An internal audit is the examination, monitoring and analysis of activities related to a company’s operations, including its business structure, employee behavior and information systems. Internal audit regulations, such as the Sarbanes-Oxley Act of 2002, have increased corporate requirements for performing internal audits. Audits are important components of a company’s risk management as they help to identify issues before they become substantial problems, such as attempts to steal intellectual property.
A daily, weekly, monthly or annual internal audit assesses the effectiveness of a company’s internal control system and helps uncover evidence of fraud, waste or abuse. Some departments may be audited more frequently than others. For example, a manufacturing process may need daily audits for quality control purposes, while the human resources department may need an annual audit of records and processes.
Scheduling audits on a calendar helps ensure they are performed consistently. Departments should be given notice so they can have the required documentation and materials available for the auditor. A surprise audit may be conducted if suspicion of unethical or illegal activity exists.
Internal Audit Procedure
An internal audit begins by an auditor assessing current processes and procedures. The auditor then analyzes and compares the results to internal control objectives. He determines whether the results comply with internal policies and procedures as well as state and federal laws. Finally, the auditor compiles and presents an audit report to the business owner.
Assessment techniques ensure an internal auditor completely understands internal control procedures and determines whether employees comply with internal control directives. An auditor avoids disrupting the daily workflow by beginning with indirect assessment techniques. For example, he may review flowcharts, manuals, departmental control policies or other existing documentation, or he may trace specific audit trails from start to finish. He may conduct one-on-one interviews and process observations with staff if document reviews or audit trails do not fully answer all of his questions.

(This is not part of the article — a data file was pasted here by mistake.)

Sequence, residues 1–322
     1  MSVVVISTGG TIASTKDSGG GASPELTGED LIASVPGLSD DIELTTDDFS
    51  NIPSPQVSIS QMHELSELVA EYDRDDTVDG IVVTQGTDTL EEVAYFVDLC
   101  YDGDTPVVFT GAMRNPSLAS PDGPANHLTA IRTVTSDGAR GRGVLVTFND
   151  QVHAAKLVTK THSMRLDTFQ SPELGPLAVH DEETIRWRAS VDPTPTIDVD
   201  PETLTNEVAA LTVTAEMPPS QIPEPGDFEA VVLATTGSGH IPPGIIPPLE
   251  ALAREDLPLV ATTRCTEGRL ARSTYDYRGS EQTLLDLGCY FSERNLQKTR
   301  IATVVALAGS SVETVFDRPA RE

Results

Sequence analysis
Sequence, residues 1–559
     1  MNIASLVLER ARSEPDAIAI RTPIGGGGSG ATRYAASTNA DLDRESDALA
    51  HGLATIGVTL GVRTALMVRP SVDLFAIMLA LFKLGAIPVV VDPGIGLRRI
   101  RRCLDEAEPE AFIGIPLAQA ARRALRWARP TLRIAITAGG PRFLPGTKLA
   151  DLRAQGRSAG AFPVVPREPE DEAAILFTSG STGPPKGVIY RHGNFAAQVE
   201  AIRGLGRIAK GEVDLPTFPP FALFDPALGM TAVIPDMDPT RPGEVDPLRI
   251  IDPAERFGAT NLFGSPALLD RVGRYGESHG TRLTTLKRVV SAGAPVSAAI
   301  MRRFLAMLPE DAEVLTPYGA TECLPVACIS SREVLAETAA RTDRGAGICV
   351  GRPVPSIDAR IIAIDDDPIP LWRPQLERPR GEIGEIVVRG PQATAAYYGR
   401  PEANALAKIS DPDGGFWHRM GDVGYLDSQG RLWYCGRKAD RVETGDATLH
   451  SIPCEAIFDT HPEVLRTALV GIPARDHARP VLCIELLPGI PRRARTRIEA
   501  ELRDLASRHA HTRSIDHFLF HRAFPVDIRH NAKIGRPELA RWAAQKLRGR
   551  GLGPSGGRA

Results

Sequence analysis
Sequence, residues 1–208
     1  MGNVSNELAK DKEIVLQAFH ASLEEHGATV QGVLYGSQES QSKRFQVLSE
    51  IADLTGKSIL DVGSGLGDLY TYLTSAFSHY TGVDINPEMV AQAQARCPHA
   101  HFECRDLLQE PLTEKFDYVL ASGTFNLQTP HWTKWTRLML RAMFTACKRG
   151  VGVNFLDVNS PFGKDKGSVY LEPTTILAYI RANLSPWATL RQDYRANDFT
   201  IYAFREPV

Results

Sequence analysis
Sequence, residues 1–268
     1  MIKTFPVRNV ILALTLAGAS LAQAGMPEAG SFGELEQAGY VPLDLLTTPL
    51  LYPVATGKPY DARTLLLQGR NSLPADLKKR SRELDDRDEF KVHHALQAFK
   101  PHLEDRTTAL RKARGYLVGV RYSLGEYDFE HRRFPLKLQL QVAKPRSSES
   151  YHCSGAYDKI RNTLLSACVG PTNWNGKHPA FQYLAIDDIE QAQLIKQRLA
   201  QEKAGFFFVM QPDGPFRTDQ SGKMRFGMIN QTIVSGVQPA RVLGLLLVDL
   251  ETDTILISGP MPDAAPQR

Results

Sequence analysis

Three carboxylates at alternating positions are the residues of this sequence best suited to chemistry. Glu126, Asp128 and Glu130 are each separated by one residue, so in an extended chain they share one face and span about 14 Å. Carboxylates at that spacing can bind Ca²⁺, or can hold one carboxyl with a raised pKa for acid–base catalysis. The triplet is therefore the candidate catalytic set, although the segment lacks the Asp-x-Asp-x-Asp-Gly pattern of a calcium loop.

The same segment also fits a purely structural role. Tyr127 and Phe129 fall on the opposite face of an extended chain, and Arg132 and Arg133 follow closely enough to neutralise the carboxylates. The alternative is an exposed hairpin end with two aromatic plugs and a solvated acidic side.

Substantive procedures such as transaction matching, physical inventory count, audit trail calculations and calculating already-reconciled financial statements help determine whether work products contain data entry errors or whether financial statements contain misstatements. Analysis techniques may test random data or target specific data if an auditor believes an internal control process needs work.
Internal audit reporting always includes a formal report and may include a preliminary or memo-style interim report. An interim report typically includes sensitive or significant results the auditor feels are pertinent for immediate sharing with the business owner. The final report is more formal than the interim report. The final report includes a summary of the procedures and techniques used for completing the audit, a description of audit findings and suggestions for improvements of internal controls and control procedures.